The name Charles Baudelaire has a brooding magic of its own, the bitter music of a poet caught in a world of brisk values of security and prosperity. Baudelaire, born April 9, 1821, made himself an embodiment of the eccentric artist, the man for whom the Muse’s touch is a curse. Both the early death of his father and the presence of his domineering stepfather prefigured the disappointing and disapproving world in which he was forced to live, a dandy bored by middle-class society, yearning for unreachable ideals and imaginary paradises. He was the poet of urban despair, of hashish, cats, and wandering acrobats. He spent his life among bohemian artists and prostitutes and died of syphilis. He found a kindred soul in Edgar Allan Poe and produced versions of Poe’s stories which have served as models of translation and have made Poe one of the most studied of foreign writers in France. To his family, he was a failure, dissolute, financially irresponsible, a blasphemous writer whose most important collection was banned for obscenity. Today, this same man is revered as a master in verse and prose, and a seminal thinker in modern art criticism. Claude Pichois, in his Baudelaire, gives a straightforward, sympathetic portrait of this difficult man who frustrated his family and continues to inspire both poets and literary theorists.
Many illustrious scholars have studied Baudelaire, among them Jean-Paul Sartre, Roman Jakobson, and Claude Levi-Strauss. His work is fertile ground for literary analysis and theory. Pichois delivers a biography that is demystifying rather than reductive. He does not sit in judgment, nor does he overidealize. As the editor of Baudelaire’s complete works (1975-1976) and correspondence (1973), as well as the author of numerous other Baudelairean studies, Pichois marshals a wealth of appropriate experience and knowledge.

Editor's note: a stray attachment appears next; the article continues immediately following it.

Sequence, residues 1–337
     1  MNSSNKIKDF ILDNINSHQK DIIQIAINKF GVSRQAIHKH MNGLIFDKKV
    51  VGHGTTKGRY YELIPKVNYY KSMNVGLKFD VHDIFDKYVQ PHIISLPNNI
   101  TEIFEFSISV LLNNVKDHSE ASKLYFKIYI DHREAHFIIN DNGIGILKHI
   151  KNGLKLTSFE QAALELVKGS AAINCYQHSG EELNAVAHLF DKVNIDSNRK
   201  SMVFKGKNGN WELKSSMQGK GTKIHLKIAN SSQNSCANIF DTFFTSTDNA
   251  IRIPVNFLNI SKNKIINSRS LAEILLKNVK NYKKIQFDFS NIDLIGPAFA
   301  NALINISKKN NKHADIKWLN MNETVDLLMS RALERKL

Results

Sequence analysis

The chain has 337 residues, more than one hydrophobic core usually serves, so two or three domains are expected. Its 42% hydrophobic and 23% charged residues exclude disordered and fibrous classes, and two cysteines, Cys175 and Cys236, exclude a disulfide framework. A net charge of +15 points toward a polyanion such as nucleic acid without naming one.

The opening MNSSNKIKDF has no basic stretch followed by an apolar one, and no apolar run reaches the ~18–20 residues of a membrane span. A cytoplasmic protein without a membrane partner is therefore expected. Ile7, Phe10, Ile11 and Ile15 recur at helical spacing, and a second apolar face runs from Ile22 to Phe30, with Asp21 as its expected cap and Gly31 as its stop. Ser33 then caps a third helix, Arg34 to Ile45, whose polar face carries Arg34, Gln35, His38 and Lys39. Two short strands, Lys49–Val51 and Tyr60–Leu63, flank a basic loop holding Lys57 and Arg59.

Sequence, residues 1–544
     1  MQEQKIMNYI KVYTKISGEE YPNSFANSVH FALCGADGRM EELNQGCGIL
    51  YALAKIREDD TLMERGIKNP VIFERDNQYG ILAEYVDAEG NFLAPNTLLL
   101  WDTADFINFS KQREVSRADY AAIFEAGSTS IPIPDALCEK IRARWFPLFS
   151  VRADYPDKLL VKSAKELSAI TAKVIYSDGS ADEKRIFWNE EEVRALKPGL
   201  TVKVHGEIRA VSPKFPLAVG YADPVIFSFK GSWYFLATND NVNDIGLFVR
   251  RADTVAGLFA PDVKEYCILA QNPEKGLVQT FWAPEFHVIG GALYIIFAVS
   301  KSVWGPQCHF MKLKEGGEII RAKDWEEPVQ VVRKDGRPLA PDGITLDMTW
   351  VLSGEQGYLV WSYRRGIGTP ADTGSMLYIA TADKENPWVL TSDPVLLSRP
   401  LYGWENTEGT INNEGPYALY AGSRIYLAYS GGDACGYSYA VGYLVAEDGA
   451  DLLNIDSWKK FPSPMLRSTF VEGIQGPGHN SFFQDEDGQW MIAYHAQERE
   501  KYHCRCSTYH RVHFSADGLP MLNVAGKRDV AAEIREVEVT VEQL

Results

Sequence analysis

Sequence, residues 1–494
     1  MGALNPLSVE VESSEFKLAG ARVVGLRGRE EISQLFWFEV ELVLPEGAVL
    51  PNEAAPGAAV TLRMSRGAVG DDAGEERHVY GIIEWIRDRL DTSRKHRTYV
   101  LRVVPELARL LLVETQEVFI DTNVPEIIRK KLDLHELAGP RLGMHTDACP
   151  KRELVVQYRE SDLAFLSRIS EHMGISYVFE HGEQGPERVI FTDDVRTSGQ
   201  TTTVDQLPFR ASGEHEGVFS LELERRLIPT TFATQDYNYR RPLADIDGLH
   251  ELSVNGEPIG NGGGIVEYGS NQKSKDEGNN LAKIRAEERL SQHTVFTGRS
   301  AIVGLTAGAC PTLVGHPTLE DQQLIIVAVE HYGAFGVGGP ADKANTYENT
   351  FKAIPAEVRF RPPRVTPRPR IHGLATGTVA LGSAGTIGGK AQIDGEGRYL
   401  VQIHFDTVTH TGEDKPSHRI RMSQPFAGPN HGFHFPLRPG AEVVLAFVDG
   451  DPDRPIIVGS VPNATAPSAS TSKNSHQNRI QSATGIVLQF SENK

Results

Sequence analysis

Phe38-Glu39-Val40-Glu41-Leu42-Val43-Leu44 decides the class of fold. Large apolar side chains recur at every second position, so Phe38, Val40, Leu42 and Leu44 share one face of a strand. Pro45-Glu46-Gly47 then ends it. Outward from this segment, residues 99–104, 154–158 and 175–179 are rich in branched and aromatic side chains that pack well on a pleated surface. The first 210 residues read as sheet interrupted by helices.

The potent myth surrounding Baudelaire is the product of many factors: historical period, poetic themes, and the poet’s own deliberate cultivation. France had passed through a cataclysm in its Revolution, First Empire, and Reconstruction and throughout the nineteenth century would continue to struggle with the rending forces of revolution. During Baudelaire’s lifetime, the greatest part of social energy was spent in worship of stability at any cost. Pichois sets the stage for the poet with an introduction of his family and the history of his parents as they emerged scarred from the Revolution, his father a defrocked priest and artist, his mother the orphan of exiles. When they were married in 1819, the bride was thirty-five years younger than the groom. Charles was an only child, six years old when his father died in 1826. Caroline’s remarriage to Jacques Aupick in November, 1828, came to serve as a major element in Baudelaire’s pose as a misunderstood artist. Pichois uses family letters to substitute an intelligent, warm, loved, and loving stepfather for the mythic ogre. It was only with Baudelaire’s late adolescence and the disciplinary problems that caused his expulsion from secondary school that the family coldness arose and grew to total estrangement. Madame Aupick was affectionate but always desirous of stability, and she cast her lot with her husband. In Pichois’ analysis, Jacques Aupick was not the cause of Baudelaire’s alienation but was chosen by the younger man to symbolize a repressive society where he was at odds, devoid of the talents and tastes necessary for success in mid-nineteenth century France.
In the successive portraits that accompany the text, the reader can witness the transformation from sweet-faced schoolboy to quizzical young dandy and finally the haunted and haunting poet of 1864. Here are the faces of family and friends (oddly, no portrait of his mother), here many of the women associated with him and his verse. Although the biographer supposes a familiarity with the poet’s writing and the general literary and historical context of his life, the text is...
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